if you are shipping books, DVD, CD and alike you get a special rate at the Post Office. IIRC it is called Media Mail. Don’t mix other stuff in with the media, they do check sometimes.

For that small amount and distance, see if you can rent a few square feet in a U-Haul truck that is going that direction. A few months ago I was trying to find a way to get a dresser from my house to a niece that lived 3 hours away, I did not want to spend 6 hours driving just to deliver a piece of furniture. I happened to catch a listing on Craigslist, someone had room on a U-Haul truck going in that direction. The guy picked up the dresser that weekend, delivered it to my niece’s doorstep and only charge me $20.

You need to be moving huge volumes to even think about this - used a similar service from UPS to deliver a few million copies of that Harry Potter book a couple weeks ago. Think of it more as a logistics tool than a shipping method.

The economy comes from consolidating the packages into a larger volume like a full truckload or a “PODS”-type moving vault rather than several hundred individual little boxes all bouncing across the country through the system like so many salmon.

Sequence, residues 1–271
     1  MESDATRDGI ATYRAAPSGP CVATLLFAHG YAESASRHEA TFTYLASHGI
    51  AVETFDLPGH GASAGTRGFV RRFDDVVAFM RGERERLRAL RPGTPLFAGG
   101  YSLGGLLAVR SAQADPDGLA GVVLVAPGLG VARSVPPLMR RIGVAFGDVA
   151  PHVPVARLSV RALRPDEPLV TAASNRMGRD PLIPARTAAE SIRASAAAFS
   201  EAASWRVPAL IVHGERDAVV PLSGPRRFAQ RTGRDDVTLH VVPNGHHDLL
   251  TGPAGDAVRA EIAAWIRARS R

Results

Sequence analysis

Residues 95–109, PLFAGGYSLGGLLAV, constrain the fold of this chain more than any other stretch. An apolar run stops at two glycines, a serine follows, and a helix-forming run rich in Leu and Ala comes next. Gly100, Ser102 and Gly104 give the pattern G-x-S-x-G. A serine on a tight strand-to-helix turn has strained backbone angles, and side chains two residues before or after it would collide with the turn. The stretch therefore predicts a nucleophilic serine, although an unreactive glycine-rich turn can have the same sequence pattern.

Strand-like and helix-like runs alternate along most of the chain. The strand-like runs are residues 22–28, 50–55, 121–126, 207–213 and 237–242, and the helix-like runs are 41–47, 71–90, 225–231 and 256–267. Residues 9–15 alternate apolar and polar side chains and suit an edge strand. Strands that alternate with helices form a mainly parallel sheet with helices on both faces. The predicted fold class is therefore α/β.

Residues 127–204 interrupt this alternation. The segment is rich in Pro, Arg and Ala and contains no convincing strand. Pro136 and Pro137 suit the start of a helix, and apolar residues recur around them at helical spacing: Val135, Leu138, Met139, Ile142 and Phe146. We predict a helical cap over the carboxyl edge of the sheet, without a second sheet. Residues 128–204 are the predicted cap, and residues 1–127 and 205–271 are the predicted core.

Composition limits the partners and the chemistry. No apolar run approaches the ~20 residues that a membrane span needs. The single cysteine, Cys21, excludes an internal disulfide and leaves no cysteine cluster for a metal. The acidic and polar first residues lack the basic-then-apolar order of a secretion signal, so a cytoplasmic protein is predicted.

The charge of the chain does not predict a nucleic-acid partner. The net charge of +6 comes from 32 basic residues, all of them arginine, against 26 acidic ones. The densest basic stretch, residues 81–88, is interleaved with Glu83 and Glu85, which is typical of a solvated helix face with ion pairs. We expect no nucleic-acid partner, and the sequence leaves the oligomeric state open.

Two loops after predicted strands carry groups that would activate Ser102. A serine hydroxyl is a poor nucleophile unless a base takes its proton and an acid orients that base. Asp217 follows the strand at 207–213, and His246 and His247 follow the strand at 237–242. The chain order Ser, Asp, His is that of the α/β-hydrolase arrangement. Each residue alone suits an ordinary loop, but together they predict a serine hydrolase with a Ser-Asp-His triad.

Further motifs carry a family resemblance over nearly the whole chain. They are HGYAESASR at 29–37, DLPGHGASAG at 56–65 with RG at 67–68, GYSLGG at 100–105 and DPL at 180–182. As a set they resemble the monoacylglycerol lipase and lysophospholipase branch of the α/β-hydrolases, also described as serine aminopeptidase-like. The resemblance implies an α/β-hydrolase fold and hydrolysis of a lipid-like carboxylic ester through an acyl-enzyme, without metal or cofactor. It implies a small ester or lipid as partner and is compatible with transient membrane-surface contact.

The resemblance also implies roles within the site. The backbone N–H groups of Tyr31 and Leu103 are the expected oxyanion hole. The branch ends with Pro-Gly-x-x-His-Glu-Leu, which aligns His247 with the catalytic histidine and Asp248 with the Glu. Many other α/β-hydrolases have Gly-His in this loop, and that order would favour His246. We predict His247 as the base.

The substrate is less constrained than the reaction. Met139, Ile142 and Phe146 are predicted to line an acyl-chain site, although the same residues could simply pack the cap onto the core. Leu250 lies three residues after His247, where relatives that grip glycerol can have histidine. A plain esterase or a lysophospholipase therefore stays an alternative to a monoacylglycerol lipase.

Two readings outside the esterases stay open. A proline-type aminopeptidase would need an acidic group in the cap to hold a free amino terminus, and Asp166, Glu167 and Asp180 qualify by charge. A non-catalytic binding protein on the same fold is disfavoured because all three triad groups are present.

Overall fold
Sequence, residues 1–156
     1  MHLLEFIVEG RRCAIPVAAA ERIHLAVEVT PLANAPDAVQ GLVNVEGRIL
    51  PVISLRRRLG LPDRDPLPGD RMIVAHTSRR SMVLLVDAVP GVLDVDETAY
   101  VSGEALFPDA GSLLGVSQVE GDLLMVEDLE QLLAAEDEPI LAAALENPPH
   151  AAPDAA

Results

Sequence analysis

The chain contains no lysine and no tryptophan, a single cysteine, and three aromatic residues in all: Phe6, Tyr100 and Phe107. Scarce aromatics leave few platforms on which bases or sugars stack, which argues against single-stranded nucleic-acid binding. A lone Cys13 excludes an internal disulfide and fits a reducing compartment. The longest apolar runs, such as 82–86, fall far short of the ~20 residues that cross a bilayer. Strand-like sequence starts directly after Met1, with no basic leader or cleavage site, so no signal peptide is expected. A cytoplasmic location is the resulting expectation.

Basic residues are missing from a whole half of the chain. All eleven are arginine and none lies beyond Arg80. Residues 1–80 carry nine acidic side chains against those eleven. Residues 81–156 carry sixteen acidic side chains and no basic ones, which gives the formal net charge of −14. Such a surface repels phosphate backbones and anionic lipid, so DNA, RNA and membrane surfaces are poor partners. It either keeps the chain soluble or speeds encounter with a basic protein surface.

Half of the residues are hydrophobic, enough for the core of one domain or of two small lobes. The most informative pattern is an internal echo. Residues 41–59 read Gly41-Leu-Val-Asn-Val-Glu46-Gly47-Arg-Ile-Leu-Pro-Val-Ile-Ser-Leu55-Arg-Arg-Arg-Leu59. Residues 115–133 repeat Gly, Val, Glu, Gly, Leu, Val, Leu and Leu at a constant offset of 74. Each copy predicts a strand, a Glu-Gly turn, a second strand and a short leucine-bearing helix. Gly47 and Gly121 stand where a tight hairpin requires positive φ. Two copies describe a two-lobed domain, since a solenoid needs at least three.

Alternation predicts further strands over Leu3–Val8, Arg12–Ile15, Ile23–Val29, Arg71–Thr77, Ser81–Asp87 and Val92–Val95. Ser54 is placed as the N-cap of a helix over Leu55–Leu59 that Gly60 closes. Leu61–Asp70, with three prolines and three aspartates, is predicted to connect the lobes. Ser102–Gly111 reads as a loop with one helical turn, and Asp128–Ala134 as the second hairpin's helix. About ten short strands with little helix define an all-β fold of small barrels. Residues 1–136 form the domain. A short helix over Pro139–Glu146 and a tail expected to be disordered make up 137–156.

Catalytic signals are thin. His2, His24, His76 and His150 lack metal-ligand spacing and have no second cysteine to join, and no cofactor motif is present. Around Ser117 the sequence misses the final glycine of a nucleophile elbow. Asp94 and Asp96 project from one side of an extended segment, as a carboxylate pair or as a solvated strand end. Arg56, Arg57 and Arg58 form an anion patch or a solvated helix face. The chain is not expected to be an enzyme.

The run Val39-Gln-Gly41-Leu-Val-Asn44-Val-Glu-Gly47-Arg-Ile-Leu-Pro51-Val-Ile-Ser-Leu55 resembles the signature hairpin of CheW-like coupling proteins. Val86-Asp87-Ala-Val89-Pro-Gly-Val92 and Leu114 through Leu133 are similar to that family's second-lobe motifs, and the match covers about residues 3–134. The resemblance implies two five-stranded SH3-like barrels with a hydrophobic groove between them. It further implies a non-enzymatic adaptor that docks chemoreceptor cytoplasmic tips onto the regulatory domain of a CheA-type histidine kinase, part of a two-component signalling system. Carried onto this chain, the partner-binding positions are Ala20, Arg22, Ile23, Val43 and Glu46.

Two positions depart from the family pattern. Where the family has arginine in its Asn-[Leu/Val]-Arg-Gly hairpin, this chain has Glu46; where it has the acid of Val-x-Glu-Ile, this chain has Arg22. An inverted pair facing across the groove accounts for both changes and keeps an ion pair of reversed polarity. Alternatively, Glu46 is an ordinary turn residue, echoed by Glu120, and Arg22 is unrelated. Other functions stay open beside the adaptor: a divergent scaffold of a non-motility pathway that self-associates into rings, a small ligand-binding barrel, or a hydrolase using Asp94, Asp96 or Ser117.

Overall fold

There are also freight companies that ship pallets from airport to airport. You could carry everything (boxed) in your car (with the pallet on top) to the freight company and then disassemble at the destination.

Where are you working and do they move any large freight at all.

If you work for a company using large volumes of LTL freight you may see pallets moving significant distances for as little as $60-$90 each.

You can also get chepaer rates using the companies UPS accounts if they have one. A friend of mine just did this for an out of state transfer.

PAcked up all his stuff to ship, brought it to work, loaded it via company accounts, paid company for the price of the shipping. Only cost him a couple hundred dollars to move several hundred pounds of bulky stuff like books, bedding and towels, clothes, various bits of furniture.

OTOH I would never submit anything fragile to the tender hand of a typical freight loading forklift driver.

You might also consider Greyhound freight.